Wednesday, December 21, 2011

Finding Your Tribe

... or when you realize you're weird.

  Six years and ten months ago we had one child.  And our family was complete.  We shopped for housewares at Ikea, bought groceries at Sobey's or wherever the almighty flyers told us to, and used Pampers and formula faithfully (not that there is anything wrong with that, obviously).  Our daughter was born in a hospital, delivered by an obstetrician, and the only farm association we had was that we enjoyed a nice drive 'out in the country' on the weekends where we would throw out half hearted desires to one day live there.

  Yesterday I went to my midwife appointment, where we discussed my desire to birth our fifth child at the house (I mean, the farm! Sorry, couldn't resist). We discussed our chickens, and she was so excited to hear about them (I've become accustomed to the glazed over look people tend to get when we mention that we may or may not have poultry in our backyard) and was eager to share her contact info for her 'milk and goat man', something I'd been looking for for the last year or so.  We discussed the local homeschooling groups, her other patients with larger than average families, my cloth diaper order that was coming in, and how long I planned to nurse.  While I was sitting in that cozy room with the late morning sun filtering in through the large front windows I was almost knocked over by the realization that I am absolutely not who I used to be. Or who I thought I was.

  I know we'd made family changes in recent years, we usually buy our furnishings and what nots by thrifting them from stores or auctions, we buy 90% of our family groceries at the local farmer's market, or directly from local farms where we know what went into our food, how it lived, and how it arrived on our plate, we're making the move to a farm where we plan to grow our own food, and were now entertaining plans of a homebirth.  But I hadn't really realized how far outside of mysef I had stepped.  I've always been the 'weird one' in the group, and usually have very little in common interest and moral wise with the people I encounter on a daily basis.  Usually people just find that I'm 'different' and are okay with that, but it always kind of troubled me that I didn't seem to fit in anywhere.  But sitting there and discussing homebirth and raw milk in the same paragraph with someone who would come to my house to deliver my child made me realize, these people are my tribe.  There are families out there who practice all the same parenting and lifestyle techniques we do, I just hadn't realized we were one of them! How do you not realize who you are?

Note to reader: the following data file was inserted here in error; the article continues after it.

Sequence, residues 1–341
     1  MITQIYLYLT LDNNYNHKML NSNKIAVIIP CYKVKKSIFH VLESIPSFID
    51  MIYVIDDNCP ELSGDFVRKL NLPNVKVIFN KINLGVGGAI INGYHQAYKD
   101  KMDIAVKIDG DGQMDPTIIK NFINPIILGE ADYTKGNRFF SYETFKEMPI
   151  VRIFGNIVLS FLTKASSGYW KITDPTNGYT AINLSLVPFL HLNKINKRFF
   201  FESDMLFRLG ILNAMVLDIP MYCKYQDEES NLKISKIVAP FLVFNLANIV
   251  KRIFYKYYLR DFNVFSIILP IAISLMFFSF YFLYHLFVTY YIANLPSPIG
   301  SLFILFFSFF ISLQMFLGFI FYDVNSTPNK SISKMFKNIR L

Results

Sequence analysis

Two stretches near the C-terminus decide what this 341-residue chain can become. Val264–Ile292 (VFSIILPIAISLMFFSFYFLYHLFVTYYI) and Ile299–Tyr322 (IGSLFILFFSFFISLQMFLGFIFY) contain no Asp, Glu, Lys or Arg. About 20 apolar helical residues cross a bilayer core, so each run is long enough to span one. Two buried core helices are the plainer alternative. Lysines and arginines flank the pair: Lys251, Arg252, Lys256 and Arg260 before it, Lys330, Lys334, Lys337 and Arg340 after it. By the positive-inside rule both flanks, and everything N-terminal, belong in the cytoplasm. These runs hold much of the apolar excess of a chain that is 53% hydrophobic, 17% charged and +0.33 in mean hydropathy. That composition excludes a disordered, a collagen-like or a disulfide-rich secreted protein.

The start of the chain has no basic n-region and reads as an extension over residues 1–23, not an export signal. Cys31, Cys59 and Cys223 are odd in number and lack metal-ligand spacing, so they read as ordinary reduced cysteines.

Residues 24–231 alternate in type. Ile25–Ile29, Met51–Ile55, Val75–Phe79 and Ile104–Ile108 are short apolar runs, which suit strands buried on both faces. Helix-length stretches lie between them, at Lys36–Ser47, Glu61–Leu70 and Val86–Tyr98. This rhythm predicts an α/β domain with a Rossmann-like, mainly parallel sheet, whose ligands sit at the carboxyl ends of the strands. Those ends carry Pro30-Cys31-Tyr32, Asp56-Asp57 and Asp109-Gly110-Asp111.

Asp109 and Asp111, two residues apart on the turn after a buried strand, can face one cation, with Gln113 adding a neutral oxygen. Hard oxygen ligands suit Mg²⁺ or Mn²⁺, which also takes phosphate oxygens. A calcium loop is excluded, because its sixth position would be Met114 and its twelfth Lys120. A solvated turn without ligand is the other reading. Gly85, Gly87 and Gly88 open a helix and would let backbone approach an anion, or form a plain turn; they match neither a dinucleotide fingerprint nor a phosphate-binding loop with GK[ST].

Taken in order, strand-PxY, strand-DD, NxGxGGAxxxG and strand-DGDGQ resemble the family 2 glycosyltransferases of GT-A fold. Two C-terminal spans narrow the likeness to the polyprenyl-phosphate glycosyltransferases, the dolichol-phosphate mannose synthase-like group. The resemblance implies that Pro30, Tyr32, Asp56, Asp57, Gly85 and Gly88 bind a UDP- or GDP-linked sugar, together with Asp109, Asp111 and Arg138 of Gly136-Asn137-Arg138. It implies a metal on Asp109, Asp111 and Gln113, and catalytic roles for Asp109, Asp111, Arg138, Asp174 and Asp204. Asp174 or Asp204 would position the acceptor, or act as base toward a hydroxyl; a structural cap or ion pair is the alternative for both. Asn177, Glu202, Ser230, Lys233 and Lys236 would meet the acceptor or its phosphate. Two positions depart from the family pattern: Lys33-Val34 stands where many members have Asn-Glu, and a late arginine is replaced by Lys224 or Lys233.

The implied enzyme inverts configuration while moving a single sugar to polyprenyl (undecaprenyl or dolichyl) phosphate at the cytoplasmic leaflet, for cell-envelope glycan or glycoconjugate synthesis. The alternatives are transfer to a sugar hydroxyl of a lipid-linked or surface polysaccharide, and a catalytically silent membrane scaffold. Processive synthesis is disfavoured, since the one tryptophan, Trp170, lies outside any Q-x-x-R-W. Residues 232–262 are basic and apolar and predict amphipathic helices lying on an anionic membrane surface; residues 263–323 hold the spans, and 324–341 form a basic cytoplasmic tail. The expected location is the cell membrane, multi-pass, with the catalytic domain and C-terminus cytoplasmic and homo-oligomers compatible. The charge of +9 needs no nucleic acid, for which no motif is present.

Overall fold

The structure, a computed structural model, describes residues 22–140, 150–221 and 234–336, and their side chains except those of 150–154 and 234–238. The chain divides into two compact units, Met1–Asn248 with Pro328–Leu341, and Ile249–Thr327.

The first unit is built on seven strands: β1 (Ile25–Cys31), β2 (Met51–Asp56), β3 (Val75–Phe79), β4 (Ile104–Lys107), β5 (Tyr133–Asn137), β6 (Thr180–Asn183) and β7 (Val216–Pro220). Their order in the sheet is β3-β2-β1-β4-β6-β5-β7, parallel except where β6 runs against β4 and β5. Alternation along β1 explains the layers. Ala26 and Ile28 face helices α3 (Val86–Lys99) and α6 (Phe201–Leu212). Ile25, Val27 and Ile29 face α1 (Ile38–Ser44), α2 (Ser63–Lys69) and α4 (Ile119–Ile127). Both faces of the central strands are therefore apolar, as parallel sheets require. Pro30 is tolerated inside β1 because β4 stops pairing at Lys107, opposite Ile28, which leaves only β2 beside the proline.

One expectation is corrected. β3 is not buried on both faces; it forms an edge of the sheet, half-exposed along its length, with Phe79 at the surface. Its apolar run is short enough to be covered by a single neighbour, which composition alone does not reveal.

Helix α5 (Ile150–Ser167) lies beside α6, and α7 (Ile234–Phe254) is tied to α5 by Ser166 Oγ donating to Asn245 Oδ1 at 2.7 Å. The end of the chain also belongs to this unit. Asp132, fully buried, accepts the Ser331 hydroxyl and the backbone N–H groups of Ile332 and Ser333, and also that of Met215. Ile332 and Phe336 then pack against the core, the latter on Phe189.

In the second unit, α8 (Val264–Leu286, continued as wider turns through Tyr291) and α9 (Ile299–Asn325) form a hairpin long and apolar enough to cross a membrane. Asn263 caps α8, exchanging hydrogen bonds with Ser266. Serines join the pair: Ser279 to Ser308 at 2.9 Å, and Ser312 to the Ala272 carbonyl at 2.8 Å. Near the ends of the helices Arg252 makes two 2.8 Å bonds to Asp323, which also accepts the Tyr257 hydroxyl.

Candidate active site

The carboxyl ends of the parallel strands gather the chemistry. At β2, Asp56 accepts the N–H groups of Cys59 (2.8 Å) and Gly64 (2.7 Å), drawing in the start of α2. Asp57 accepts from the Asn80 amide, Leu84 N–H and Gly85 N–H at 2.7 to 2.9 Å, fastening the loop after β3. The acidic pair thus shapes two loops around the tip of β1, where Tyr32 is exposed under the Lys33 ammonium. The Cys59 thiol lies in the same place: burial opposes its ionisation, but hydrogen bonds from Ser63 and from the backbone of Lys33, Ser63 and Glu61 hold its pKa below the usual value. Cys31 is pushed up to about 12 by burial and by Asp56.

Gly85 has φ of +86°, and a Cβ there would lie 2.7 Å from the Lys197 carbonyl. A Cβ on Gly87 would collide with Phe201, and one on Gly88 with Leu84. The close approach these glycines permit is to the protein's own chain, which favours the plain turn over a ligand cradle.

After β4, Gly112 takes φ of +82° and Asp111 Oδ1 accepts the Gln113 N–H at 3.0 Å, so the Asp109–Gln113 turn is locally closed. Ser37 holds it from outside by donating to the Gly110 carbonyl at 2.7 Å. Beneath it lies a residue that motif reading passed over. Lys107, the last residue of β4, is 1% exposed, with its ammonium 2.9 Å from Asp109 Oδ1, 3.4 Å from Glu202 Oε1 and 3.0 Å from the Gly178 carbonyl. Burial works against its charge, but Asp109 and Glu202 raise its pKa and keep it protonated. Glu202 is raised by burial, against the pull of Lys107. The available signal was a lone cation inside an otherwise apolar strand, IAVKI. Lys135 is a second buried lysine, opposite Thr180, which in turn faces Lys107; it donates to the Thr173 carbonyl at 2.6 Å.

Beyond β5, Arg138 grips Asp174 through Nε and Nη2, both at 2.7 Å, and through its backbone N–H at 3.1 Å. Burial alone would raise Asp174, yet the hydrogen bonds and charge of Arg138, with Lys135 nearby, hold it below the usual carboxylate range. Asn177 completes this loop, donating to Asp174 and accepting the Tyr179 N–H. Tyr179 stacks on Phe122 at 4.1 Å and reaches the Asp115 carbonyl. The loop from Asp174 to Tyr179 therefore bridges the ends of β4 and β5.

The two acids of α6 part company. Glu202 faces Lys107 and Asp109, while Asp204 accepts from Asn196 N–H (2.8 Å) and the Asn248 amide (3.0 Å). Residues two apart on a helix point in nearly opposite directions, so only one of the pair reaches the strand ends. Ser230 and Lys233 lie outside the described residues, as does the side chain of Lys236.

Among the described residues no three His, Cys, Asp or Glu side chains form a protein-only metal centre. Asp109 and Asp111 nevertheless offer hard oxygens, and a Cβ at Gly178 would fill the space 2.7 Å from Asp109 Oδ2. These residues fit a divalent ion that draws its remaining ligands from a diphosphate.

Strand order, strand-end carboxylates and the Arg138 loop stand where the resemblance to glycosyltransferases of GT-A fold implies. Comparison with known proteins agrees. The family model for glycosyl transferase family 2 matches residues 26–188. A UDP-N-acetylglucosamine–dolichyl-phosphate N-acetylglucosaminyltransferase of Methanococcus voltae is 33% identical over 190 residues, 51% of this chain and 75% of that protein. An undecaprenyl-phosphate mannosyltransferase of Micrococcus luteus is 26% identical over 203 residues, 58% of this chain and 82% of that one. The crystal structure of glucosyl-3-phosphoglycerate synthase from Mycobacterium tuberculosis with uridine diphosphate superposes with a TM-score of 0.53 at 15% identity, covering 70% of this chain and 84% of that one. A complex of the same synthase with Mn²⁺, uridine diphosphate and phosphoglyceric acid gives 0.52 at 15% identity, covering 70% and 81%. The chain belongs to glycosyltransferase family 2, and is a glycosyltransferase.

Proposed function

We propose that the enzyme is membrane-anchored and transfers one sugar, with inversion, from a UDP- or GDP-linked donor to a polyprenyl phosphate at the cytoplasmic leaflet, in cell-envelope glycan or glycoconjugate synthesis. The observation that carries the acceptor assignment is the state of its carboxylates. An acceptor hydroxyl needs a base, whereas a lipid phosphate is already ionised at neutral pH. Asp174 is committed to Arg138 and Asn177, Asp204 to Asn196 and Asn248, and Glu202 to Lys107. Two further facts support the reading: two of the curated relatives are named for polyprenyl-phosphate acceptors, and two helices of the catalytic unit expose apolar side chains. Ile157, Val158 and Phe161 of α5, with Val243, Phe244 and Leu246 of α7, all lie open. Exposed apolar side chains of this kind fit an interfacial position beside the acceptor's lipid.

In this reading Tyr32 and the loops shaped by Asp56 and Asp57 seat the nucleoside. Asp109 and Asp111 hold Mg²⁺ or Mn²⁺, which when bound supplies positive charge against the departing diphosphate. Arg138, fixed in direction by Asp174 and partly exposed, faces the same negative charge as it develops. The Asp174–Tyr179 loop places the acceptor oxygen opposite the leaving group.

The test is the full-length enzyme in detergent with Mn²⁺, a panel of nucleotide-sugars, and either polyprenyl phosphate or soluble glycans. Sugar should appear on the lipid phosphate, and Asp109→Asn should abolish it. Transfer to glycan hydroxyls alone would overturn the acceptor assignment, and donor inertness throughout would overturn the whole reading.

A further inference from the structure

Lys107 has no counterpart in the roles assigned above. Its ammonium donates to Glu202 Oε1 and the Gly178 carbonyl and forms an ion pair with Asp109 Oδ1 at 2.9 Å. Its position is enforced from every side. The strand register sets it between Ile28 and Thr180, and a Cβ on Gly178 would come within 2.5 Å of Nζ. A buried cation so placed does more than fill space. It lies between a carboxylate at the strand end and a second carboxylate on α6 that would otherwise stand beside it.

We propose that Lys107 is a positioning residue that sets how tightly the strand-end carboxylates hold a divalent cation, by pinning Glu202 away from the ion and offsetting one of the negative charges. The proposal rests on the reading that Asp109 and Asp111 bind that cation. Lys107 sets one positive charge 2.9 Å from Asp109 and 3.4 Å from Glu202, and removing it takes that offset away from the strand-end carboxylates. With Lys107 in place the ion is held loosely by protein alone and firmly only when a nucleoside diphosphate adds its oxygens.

It's such a breath of fresh air to realize that you aren't alone after all,and you might be different, but you're not different from everyone, because after all,  you've just been looking in the wrong places. 


1 comment:

  1. Should you manage to find any other families in your new rural area that are close to you, you'll probably discover more of your tribe. Things change slowly, if at all, in the country, and the old ways (which are now the "new" and "green" ways) are still prevalent. Cloth diapering, home births, raw milk, breast feeding? Yup, it's all right here. In fact, you'd be different if you DIDN'T do that stuff. Well, maybe not the home birthing. That's still a tricky legal issue in New York.